So Robinson hits on the nutty scheme of salvaging the wreck himself with a crew of others. Daniels (McNairy), an accounting sort who was also let go from the salvage company, thinks that he can get financing from the mysterious Mr. Lewis (Menzies) so that they can rent and refit an old Soviet attack sub and go grab the treasure waiting on the bottom.

Aiding him are some of his mates as well as a few Russian submariners who know how to run the Russian sub; there’s also the son of a friend, Tobin (Schofield) who Robinson takes a fatherly interest in and the unstable Aussie diver Fraser (Mendelsohn) who is like a loaded gun in a crowded room but the best when it comes to salvage.

Taking the rickety boat down to the bottom is dangerous in and of itself but with the Russian fleet above due to the dubious legality of what they’re doing, things are a lot more dicey. What’s worse that as things start to get more real, some of the men begin to crack. They will have to work together just to make it back home, let alone get the gold which if they do find it, well, you can add greed to the equation that no matter how you write it means that not everyone is going to get out of this alive.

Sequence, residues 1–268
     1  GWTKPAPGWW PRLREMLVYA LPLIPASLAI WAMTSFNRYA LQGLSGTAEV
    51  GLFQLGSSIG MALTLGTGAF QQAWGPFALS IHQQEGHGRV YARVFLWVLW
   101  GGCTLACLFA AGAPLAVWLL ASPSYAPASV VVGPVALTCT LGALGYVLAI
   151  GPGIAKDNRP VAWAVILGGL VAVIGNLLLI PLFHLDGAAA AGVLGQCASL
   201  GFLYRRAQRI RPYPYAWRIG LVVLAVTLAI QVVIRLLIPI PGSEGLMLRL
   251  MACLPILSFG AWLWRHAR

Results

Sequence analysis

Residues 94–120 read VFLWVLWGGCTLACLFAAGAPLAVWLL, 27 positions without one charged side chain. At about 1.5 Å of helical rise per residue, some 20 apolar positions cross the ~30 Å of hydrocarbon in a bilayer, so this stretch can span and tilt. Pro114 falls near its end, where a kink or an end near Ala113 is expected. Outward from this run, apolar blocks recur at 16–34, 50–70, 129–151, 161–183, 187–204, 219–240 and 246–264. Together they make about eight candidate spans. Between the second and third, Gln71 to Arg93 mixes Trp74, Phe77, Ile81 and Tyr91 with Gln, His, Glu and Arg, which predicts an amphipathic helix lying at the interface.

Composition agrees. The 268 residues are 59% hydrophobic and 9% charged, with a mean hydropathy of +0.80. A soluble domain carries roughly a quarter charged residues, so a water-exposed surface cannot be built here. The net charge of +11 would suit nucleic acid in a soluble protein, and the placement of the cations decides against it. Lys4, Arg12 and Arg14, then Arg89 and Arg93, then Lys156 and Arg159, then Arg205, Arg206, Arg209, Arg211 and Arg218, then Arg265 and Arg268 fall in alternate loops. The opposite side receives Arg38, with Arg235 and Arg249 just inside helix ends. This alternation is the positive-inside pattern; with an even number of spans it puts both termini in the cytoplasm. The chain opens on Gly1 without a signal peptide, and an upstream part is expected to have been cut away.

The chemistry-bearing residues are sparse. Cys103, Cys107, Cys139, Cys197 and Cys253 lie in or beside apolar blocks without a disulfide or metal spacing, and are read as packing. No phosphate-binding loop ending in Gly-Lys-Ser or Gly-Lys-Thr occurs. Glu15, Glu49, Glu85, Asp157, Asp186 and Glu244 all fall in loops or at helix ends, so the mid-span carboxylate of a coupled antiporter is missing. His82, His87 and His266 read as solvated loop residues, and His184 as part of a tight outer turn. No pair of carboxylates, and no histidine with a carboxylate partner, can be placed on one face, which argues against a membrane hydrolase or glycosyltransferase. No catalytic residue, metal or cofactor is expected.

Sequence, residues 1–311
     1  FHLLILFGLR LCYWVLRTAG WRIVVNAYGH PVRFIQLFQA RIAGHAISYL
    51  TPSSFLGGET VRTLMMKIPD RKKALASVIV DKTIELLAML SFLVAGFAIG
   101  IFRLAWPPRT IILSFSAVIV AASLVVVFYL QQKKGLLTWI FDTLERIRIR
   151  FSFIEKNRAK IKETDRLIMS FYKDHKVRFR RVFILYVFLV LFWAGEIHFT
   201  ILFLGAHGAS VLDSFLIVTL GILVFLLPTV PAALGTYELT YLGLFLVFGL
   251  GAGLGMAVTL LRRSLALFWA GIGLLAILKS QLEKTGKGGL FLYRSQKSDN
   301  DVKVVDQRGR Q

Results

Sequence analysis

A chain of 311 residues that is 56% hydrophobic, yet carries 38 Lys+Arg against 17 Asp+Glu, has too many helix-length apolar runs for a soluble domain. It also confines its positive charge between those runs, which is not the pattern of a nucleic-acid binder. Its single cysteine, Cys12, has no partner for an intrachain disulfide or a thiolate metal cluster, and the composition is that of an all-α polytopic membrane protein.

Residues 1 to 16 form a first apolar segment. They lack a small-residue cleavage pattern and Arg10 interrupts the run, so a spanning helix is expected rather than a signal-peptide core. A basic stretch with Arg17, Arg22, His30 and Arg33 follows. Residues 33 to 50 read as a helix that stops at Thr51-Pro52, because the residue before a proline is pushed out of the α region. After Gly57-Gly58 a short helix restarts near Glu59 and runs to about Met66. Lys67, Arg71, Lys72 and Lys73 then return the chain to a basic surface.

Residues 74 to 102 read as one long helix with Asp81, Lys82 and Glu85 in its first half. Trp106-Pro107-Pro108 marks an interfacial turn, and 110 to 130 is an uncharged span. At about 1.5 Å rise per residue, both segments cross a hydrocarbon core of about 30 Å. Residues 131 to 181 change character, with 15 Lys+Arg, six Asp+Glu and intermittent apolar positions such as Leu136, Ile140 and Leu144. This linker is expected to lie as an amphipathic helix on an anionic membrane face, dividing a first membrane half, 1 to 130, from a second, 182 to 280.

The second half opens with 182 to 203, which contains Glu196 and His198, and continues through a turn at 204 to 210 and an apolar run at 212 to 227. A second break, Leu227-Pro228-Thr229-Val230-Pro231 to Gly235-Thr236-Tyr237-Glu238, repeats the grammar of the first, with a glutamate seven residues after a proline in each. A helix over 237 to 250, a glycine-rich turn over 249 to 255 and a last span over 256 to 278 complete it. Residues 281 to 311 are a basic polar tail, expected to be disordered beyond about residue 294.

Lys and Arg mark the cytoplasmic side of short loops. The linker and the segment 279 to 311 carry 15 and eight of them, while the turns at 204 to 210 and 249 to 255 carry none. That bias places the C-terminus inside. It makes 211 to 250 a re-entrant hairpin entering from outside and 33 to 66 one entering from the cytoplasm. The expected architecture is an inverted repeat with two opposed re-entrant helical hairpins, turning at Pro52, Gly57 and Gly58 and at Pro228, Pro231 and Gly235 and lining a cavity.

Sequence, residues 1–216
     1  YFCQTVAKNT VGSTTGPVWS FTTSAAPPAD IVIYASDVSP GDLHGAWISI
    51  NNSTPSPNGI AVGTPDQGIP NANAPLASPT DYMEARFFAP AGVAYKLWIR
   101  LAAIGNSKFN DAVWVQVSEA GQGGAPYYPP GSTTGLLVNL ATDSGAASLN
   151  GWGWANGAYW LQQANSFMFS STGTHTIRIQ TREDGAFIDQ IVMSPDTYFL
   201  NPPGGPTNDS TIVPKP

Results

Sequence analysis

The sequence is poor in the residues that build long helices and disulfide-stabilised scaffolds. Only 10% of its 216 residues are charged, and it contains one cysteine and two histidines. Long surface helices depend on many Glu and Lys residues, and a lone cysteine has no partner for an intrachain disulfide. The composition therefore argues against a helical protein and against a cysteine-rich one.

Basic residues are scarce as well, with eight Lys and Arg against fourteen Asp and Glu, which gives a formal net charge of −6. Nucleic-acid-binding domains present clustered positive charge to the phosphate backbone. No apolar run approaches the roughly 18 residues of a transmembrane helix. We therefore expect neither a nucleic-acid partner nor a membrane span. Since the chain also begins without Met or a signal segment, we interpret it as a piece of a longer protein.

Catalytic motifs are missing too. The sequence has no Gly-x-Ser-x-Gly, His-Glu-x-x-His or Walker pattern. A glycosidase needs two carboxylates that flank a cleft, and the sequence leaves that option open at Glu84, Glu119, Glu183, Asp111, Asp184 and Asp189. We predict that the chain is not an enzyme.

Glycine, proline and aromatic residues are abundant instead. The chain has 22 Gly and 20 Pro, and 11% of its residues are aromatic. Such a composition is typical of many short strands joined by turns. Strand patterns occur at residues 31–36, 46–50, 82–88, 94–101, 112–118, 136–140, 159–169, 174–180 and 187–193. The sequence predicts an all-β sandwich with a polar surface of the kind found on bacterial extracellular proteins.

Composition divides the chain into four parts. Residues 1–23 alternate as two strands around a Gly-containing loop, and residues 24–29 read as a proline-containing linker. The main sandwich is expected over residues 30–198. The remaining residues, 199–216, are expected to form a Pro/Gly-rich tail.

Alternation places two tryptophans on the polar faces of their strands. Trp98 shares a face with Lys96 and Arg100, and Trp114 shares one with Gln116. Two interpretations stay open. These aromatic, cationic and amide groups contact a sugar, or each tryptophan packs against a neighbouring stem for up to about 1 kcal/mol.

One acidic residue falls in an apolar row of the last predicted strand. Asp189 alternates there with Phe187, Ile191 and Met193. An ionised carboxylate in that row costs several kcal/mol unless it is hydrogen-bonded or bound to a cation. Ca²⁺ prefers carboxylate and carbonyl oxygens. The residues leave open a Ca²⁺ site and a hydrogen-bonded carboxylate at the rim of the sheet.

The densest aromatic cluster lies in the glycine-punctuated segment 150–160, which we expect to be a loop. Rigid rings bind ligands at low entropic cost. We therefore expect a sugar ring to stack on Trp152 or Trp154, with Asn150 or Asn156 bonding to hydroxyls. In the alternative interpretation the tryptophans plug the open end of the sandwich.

This is a reasonably taut and well-made thriller. Law makes for a pretty solid lead here, making Robinson a believable leader that would inspire most anyone to have confidence in him – when he’s not taking insane risks to get all the gold to the surface. Law has been making some interesting choices of late in the roles he’s been choosing, and this is a very good thing. He’s been challenging himself, playing a Cockney safe cracker, a manic Internet blogger, an ethically challenged doctor and an officious Russian military man along with this somewhat angry sub captain with a “Screw the Man” attitude and an access from deepest darkest Aberdeen.